On May 19, local Motel 6 managers along with Jim Amorosia, the company’s chief operating officer, gathered to cut the ribbon at the grand reopening of the Santa Barbara Motel 6, the first-ever location which launched the chain in 1962. The event showcased the future European boutique style of Motel 6 rooms. Rooms around the country will soon be modeled in the new “Phoenix” design, which is cleaner, more comfortable, more eco-friendly, and outfitted with modern digital multimedia features.
Amorosia and Andy Polhill, Motel 6’s area manager, gave interested groups tours of the rooms to show off some of the new features. The most noticeable is the new wood-effect laminate flooring, which Amorosia says creates a much cleaner and more open feel so guests never have to wonder if the rooms are dirty. The reformulated wood floors are made from 80 percent pre-consumer recycled material to aid in the chain’s efforts to go green.
They also showed off the new 32-inch flat-screen televisions that are now in each room, along with a multimedia center to connect computers, video game consoles, and MP3 players. To top it off, they all now have Wi-Fi Internet access.
Polhill told The Independent that a common complaint from Motel 6 guests is that there is nowhere to sit, so they are forced to eat or watch television on the bed. To solve the problem, the double rooms now have a table with two chairs under the TV, while the single rooms have a settee and one more chair in front of it.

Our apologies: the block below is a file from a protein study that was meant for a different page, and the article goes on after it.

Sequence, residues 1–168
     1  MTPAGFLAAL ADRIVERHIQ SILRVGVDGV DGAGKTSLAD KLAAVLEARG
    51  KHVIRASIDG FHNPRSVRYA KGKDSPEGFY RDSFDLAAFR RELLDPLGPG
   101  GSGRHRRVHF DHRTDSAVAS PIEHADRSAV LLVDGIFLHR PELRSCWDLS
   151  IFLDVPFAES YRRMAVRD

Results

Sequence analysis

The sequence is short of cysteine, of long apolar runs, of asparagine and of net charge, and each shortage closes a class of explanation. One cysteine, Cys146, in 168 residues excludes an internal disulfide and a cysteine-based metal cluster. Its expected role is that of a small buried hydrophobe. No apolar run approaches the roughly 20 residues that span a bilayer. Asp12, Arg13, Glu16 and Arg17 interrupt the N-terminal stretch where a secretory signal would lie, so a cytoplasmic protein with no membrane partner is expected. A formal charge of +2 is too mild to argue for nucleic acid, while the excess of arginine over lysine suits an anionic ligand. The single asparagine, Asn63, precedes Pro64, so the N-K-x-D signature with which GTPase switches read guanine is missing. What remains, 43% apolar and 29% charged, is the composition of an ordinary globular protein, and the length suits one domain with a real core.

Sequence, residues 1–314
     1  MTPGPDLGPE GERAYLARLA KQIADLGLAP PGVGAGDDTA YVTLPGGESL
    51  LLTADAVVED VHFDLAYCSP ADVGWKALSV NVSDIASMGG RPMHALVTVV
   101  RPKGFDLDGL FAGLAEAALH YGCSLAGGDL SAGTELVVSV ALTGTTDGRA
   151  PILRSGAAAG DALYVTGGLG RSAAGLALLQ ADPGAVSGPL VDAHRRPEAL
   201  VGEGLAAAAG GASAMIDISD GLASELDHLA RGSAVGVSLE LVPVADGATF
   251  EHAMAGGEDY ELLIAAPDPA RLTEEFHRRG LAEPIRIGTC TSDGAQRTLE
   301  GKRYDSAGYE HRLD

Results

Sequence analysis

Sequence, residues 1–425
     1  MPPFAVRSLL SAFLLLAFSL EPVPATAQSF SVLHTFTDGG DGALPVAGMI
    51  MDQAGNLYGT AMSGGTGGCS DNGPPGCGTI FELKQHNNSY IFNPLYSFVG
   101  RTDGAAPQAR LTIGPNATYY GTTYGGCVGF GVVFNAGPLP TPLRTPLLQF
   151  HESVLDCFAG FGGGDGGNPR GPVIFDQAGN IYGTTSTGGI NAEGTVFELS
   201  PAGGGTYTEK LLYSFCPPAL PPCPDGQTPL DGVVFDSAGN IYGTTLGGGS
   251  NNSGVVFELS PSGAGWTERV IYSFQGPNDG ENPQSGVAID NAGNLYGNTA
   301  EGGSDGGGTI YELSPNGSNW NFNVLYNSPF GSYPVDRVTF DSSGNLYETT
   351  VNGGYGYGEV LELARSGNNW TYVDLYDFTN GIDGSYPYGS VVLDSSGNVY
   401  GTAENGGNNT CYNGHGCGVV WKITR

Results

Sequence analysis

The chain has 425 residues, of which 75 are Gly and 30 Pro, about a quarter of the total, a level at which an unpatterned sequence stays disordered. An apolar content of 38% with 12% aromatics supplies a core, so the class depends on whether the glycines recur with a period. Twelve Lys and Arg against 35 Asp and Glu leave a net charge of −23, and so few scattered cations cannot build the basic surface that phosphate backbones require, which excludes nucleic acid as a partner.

To create a more modern look, the wall behind the head of the bed is now painted either orange, blue, yellow, or green, with a matching stripe at the foot of the bed blankets. Amorosia says that the contrast of the color, the wooden floors, the coffee-colored furniture, and new black granite bathroom counters creates a strong impact on guests.
He excitedly showed off the new sinks, which are elevated above the counters to prevent splashes. Bathrooms now have French doors, which can either enlarge the room when open or be cracked a little to give light without disturbing sleepers. They have also done away with traditional towel racks, and now have a caddy with four slots to house rolled-up towels. The caddy doubles as an ambient light fixture, and Amorosia showed how the room has no direct light sources.
Women from the Santa Barbara Visitor’s Center appeared excited about the new design. They described the rooms as “beachy, and very hip,” before going outside to watch the ribbon-cutting ceremony. Afterward, guests gathered to discuss the rooms over wine and hors d’oeuvres.
Polhill explained to The Independent that the two Carpinteria locations will be the next to complete Phoenix renovations, and should be done near the end of 2009. He says that due to tough economic times, they don’t have a set time when the process will be completed across the country.
The Santa Barbara Motel 6 is located at 443 Corona del Mar.